Are you sitting at your desk, wondering for the 50th time, whether you’re in the right job?
Click start to play today’s Spell It, where ‘success’ depends on a whole slew of factors.
If you look at people in different professions, you’re likely to see how jobs attract people with predictable personalities. For instance, flight attendants, office managers and fitness instructors tend to be outgoing, detail-oriented, and respectful of authority. Creative directors, executive producers and industrial designers are known for being great listeners, with a knack for understanding the requirements and feelings of others.
It's an interesting correlation that a group of researchers, based in Australia, looked deeper into. In December 2019, they published a study in the US-based journal Proceedings of the National Academy of Sciences, where they outlined how they sorted 128,000 Twitter users into 3,500 jobs. They used incredibly accurate software to analyse user personalities, based on their social media posts. The software measured linguistic patterns for happiness and wellbeing, and also categorised people by the big five personality traits – agreeableness, conscientiousness, extroversion, neuroticism and openness.
The study revealed a radical new approach to finding a job. Its conclusions indicated that people should probably look at picking a profession based on their personality type, rather than their skills, ability, or experience.
Now, a new study by the same researchers, published in June 2022, in a working paper at the global Research Papers in Economics archive (RePEc), finds that when you align your occupation with your personality, it leads to happiness and engagement.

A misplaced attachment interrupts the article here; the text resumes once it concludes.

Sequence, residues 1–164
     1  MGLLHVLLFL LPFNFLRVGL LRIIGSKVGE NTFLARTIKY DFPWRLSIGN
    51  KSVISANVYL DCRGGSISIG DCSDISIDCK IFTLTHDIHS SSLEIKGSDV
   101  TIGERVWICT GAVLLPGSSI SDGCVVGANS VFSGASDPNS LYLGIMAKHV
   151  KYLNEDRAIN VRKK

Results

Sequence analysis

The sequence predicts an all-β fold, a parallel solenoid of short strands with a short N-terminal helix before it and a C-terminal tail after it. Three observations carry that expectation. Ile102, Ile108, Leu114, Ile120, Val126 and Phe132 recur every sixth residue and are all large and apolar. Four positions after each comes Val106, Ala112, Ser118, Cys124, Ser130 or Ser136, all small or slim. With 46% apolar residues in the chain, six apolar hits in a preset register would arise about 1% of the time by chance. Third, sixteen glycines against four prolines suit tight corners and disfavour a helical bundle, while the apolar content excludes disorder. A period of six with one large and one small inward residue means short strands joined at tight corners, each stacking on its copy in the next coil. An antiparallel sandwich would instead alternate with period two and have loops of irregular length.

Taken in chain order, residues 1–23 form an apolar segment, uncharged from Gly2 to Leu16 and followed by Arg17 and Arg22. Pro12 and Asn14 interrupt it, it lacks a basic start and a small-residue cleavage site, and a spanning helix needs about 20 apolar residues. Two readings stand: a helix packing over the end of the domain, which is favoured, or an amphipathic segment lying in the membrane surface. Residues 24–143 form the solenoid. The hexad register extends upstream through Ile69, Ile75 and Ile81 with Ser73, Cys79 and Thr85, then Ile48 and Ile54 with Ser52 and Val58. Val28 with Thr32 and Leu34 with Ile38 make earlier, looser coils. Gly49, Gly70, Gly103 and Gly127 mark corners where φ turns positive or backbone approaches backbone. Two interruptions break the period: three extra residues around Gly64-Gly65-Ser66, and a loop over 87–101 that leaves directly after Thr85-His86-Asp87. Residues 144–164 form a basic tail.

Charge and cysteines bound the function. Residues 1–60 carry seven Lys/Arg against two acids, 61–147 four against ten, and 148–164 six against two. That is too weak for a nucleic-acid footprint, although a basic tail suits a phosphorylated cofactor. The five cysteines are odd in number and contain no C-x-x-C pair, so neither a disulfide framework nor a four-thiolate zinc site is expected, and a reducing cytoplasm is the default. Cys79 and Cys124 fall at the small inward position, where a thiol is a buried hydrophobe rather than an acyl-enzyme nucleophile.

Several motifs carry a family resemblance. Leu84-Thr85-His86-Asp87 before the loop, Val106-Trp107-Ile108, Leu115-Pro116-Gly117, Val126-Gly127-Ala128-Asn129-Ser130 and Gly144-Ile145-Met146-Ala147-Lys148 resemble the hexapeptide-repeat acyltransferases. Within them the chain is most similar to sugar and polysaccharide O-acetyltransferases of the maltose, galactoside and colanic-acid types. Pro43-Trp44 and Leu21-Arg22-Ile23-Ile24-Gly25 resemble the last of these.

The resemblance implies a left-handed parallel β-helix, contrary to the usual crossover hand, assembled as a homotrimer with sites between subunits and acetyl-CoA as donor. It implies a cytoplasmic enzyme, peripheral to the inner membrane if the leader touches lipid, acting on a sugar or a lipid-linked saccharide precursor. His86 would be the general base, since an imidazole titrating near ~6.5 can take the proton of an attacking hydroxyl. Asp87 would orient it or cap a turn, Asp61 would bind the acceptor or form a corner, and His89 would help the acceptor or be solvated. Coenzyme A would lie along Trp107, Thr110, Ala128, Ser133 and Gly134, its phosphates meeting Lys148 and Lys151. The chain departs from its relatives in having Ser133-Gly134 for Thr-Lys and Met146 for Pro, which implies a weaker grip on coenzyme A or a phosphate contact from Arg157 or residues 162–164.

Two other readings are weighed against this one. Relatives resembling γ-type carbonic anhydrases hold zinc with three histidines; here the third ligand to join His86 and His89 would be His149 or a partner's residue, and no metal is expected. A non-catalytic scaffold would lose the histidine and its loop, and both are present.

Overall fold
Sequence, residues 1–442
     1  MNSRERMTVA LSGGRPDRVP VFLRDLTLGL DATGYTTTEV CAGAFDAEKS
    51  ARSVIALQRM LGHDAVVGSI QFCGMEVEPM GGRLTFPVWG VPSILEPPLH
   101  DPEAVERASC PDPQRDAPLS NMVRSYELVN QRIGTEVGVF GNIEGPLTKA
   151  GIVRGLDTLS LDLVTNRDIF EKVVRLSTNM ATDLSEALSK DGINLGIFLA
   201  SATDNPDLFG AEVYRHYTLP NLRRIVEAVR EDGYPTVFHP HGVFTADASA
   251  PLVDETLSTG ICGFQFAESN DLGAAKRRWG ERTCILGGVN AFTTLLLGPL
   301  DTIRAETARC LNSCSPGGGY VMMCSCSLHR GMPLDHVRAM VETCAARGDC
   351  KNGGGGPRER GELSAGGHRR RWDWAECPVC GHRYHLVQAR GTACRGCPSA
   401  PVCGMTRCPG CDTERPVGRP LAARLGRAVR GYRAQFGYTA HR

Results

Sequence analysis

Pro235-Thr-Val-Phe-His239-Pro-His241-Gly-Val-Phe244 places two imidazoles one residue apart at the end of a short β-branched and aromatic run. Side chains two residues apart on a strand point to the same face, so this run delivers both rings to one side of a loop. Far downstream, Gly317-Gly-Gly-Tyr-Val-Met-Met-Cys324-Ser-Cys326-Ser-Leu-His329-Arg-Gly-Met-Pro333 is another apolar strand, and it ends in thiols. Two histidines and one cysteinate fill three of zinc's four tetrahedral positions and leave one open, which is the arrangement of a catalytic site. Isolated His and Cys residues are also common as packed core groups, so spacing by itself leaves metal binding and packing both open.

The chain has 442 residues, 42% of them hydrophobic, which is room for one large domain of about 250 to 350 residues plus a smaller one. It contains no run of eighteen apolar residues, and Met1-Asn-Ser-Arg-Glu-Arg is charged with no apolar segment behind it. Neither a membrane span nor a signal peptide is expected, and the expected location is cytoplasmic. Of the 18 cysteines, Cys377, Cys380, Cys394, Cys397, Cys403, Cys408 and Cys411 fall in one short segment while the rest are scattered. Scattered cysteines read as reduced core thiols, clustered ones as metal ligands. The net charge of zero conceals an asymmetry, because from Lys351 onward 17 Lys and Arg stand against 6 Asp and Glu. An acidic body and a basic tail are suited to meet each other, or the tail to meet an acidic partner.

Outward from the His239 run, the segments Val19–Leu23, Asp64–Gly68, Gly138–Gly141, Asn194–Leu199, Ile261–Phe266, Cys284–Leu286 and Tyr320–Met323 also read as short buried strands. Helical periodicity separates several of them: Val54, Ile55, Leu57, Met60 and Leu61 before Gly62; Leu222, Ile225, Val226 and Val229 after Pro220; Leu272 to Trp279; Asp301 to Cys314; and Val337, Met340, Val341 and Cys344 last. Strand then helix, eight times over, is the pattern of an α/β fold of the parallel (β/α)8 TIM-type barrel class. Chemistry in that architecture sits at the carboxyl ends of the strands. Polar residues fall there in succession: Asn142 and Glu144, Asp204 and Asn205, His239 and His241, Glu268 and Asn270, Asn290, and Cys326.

In the latest study, the researchers added 25 dimensions for a more nuanced personality snapshot, and then cross-referenced all the data with users’ jobs. The results could be classified into eight occupation clusters, each one seemingly attracting a similar personality type. Authors, photographers, and artists, for instance, were all imaginative, had an appreciation for art, and were comfortable with challenging authority. Comedians, hair dressers, graphic artists and actors, were compassionate, tuned into their emotions, and were quickly able to catch on to new patterns, trends, and motifs.
It seems like a no-brainer – our personalities should dictate what kind of jobs we’d be happiest in. But interestingly, in the West, 64 per cent of the workforce is in a poorly matched job, and only 11 per cent of workers have their personalities perfectly aligned with their jobs, according to a report by US-based news website Bloomberg. Being in the wrong job may also be the reason why a recent Gallup poll found that 50 per cent of workers are quiet quitters. It could be a coping mechanism to get through the day, since their jobs don’t suit their personalities at all.